Where to store the extra waste

But it remains as yet unclear as to where the increased amounts of ILW will be stored. Britain’s current storage site, at the Drigg sight in Cumbria near Sellafield, is according to almost all accounts nearly full. Following the governments announcement to keep more ILW, Britain’s Environmental Agency published plans for a review of authorisations held by BNFL for it’s radioactive storage site at Drigg.

Jean McSorley, an anti-nuclear campaigner for Greenpeace, told the Guardian that: “The government is trying to encourage Japanese utilities, and others, to sign more reprocessing contracts at Sellafield knowing that they will not have to have their nuclear waste returned.”

According to British media and government officials, the government has set up a committee to find a way of disposing of high- and intermediate-level nuclear waste safely. It has considered 20 options, including burying the waste in the Antarctic and firing it at the sun. No preferred method has been established, but the most likely method to be selected will be the less fantastic and more traditional approach of storing the waste above ground, or disposal below ground in geologic repositories, a spokesman for DTI told Bellona Web in a telephone interview Monday.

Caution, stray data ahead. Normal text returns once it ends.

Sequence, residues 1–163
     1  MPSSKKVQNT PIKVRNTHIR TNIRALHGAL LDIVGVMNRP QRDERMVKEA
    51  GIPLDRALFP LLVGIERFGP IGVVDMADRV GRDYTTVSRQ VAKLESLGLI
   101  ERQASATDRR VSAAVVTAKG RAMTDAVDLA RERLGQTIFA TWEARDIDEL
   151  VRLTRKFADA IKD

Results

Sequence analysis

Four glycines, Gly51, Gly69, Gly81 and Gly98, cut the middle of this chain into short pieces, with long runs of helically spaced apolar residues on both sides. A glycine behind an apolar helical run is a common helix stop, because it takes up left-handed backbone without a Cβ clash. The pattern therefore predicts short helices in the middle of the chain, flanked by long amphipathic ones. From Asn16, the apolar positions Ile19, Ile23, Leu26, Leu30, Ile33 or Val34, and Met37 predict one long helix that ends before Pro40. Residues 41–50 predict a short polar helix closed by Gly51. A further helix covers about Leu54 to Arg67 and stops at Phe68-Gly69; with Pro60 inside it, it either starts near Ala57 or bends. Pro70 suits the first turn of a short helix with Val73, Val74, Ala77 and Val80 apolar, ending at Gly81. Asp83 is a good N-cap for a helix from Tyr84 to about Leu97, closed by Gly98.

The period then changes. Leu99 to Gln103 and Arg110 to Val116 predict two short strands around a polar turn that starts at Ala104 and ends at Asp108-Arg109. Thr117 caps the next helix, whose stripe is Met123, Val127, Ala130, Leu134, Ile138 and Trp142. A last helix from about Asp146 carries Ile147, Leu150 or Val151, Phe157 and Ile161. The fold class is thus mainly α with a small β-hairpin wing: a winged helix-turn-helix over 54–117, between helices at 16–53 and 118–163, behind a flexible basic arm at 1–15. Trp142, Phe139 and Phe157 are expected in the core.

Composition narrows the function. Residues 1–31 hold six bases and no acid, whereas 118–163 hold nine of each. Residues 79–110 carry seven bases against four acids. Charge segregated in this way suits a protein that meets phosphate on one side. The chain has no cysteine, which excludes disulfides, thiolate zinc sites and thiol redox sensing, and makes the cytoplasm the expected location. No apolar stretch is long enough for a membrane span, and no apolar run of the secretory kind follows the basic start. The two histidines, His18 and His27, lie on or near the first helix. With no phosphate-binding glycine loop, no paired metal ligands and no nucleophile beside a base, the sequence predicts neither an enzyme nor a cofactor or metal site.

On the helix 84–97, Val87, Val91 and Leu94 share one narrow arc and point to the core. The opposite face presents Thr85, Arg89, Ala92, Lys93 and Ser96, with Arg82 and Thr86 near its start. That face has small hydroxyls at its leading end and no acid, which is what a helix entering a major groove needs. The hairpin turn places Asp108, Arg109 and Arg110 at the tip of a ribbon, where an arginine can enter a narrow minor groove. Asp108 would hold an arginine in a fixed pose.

It should be noted however, that no country in the world is yet employing deep geologic repositories—widely regarded by scientists as the safest method for disposing of nuclear waste and spent nuclear fuel—for the deposit of nuclear, though the United States’ Yucca Mountain facility is the closest such facility to being put into use. Sweden is also close to breaking ground on its own facility, but Britain’s recent decision may deflate the urgency of such a project for Swedish authorities.